Are You The Father?

This guest post is from Regent Law 3L Angelina Moyo, current Child Advocacy Practicum student and mother of four – Angelina is set to graduate in this December and will sit for the California bar exam in February 2016.

     Every child has a father.  Whether or not that father is involved in the child’s life is often the result of a number of decisions that occur prior to or immediately following the birth of the child.  If you are a father who wishes to be in the life of your child it is important that you are aware of the laws and rules that might make your access to your child more or less difficult.
     Sociologists and psychologists have done study upon study about the impact of a missing father on the life of the child.  Statistically, children without a father in the home are more likely to be in poverty, to be engaged in drugs and alcohol, to drop out of school, to be less educated and to generally have a much more difficult time in life.  If the father cannot be in the home with the child, it is proven that the more access the child has to his or her father will greatly impact the child’s sense of self.  With a greater sense of self children do better in school and have a better outlook on life.
Most states have enacted statues providing criteria that must be met by a father to establish parenthood:

          If you are determined to be the father of the child you have the ability to petition the court for access to you child and the ability to make determinations about the health and wellbeing of your son or daughter.  In order for the court to award you custody or other such visitation the court must determine that access to you as a parent is in the best interests of the child.  Factors the court might use to determine the best interest of the child include:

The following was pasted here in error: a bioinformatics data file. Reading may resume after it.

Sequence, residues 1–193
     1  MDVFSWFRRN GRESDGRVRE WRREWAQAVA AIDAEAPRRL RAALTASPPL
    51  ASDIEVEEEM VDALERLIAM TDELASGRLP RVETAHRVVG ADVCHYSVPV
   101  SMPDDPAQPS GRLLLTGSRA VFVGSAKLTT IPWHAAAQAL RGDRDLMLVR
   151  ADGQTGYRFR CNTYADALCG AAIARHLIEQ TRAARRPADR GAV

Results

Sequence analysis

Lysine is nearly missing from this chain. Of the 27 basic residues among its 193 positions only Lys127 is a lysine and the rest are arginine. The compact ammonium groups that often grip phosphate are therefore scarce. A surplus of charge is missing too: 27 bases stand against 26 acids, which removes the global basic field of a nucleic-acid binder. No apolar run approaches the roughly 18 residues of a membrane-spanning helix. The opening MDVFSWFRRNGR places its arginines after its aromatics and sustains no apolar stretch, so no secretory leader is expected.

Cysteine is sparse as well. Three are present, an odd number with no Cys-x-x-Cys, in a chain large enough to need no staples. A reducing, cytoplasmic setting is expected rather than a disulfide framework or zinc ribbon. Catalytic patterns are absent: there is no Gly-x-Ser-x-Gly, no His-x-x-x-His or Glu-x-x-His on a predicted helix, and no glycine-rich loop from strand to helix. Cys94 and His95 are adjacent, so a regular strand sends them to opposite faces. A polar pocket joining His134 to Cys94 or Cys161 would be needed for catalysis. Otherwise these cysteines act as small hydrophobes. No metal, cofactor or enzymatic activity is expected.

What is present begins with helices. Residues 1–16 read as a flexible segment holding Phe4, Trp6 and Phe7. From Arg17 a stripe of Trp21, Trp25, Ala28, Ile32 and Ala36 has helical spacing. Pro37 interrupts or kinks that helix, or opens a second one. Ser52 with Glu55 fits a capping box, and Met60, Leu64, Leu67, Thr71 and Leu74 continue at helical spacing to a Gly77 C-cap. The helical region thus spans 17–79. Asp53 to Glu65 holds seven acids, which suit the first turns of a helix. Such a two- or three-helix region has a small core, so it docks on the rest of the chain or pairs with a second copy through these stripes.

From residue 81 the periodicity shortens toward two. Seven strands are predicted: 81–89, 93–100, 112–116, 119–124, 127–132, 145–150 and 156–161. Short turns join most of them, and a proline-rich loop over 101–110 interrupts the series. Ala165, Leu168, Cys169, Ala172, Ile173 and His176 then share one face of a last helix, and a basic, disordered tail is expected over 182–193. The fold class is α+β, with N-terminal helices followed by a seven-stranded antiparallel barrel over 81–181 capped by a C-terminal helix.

• Age of the child;
  • Relationship of the child's parents and any other persons who may significantly affect the child's welfare;
  • Preference of the child, if old enough to express a meaningful preference;
  • Duration and adequacy of the child's current living arrangements and the desirability of maintaining continuity;
  • Stability of any proposed living arrangements for the child;
  • Motivation of the parties involved and their capacities to give the child love, affection and guidance;
  • The child's adjustment to the child's present home, school and community;
  • Capacity of each parent to allow and encourage frequent and continuing contact between the child and the other parent, including physical stress;
  • Capacity of each parent to cooperate in childcare;
  • Methods for assisting parental cooperation and resolving disputes and each parent's willingness to use these methods;
  • Effect on the child if one parent has sole authority over the child's upbringing; and 
  • History of Domestic Violence. 
  • All other factors having reasonable bearing on the physical and psychological well-being of the child.

     Gaining and maintaining a relationship with your child is essential to your child’s success in life and their general happiness. Do not allow broken relationships, ignorance about the system or your own issues to keep you from forming this special and vital bond with your child. If you are in need of legal help to gain access to your child state courts often have free and low cost legal resources that you can use to proceed through the court system maze.  Family restoration begins with you.

No comments:

Post a Comment